Nigeria: Stop aid for privatisation

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In Nigeria, where only half have access to electricity, the UK government is spending £100 million of its aid budget on a project supporting the privatisation of Nigeria’s electricity system.
Instead of benefitting Nigerians, the result has been massive price hikes, blackouts and job losses. It’s very often the same story where energy privatisation takes place.

Energy privatisation – the facts

  • One in five people globally live without electricity because they are unable to access it and millions more go without because they cannot afford to pay for it. Even in the UK, people are forced to choose between feeding their families and paying their energy bills. In 2013, the Big Six energy companies made £2.8 billion in profits. 

 

  • In Uganda, Ghana, Nicaragua and other countries corporations have increased electricity bills after taking control of public systems – often making electricity unaffordable for those on lower wages and reducing access. In Nigeria, the government has attempted to raise prices ahead of privatisation in order to show investors there are profits to be made.

 

  • In the UK, energy prices have risen eight times faster than average earnings since 2010 while the Big Six energy companies have pocketed record profits.

 

  • Private companies prefer to serve middle class populations and industrial consumers where power lines already exist and where they can guarantee their profits, rather than expanding into slums where poorer people live. A study by the World Bank found that private companies had contributed only 11% of investment in electricity infrastructure in sub-Saharan Africa, and that most of this has been for power stations to generate electricity, rather than extending the grid into poorer areas.

 

  • Energy privatisation is associated with job losses and poorer conditions for staff. In the Philippines, unions recently won back-pay or reinstatement for 5,000 workers who were illegally dismissed when the national energy company was privatised.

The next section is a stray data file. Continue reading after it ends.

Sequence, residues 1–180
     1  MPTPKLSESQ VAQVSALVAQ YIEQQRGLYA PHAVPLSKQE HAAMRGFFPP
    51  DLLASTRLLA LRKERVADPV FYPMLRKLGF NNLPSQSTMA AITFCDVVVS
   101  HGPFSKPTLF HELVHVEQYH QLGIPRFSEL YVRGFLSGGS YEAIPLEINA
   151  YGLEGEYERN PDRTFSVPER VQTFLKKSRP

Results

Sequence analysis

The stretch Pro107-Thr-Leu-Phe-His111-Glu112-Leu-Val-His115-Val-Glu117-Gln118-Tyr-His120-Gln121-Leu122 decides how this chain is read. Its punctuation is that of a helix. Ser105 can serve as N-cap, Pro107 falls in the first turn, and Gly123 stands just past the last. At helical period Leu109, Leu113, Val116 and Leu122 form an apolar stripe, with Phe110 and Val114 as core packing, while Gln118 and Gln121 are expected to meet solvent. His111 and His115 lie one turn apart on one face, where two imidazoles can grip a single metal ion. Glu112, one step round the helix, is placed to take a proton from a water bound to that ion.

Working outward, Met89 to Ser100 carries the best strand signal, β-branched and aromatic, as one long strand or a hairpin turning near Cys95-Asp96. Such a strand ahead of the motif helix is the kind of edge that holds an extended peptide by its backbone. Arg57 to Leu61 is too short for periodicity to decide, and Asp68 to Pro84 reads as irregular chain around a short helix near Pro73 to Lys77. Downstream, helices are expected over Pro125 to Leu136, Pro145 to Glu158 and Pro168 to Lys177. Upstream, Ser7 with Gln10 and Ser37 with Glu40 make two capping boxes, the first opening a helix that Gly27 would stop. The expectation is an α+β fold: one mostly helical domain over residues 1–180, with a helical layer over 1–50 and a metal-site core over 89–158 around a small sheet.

A disaster for Nigerians

Impacts of privatisation for Nigerian citizens so far have included:

  • Price rises – prices have been increased twice since privatisation, with another increase announced in January 2015 will be implemented in July.[i] Another tariff increase was abandoned in face of opposition and ongoing blackouts.[ii] Meanwhile, investors have been told to expect 25% returns, with increased tariffs specifically designed to attract capital. It is clear that price increases are built into the privatisation project and not just an unintended side effect, with the FT reporting in 2012 that prices would increase up to 88 per cent under reforms designed to attract outside investors.[iii]

 

  • Fixed payments – a fixed charge has been introduced, payable monthly whether users consume electricity or not, which means that people who use the lowest amount of power pay the most per unit. In 2014, following complaints about poor service, the regulator agreed that the charge would not be payable by people who experience 15 days or more days of continuous interruption to their power supply.[iv]

 

  • Problems for workers – It is estimated that up to 50 per cent of workers have been sacked by the private companies[vi] and many have not received their redundancy benefits.[vii]

 

  • Reduced investment – No significant private investment is expected, but state investment has stalled because under privatisation the private sector is supposed to provide this.[viii]

 

  • According to a review by the Department for International Development, the newly privatised distribution companies in the poorer northern states are only having half the target amount of electricity delivered.[ix]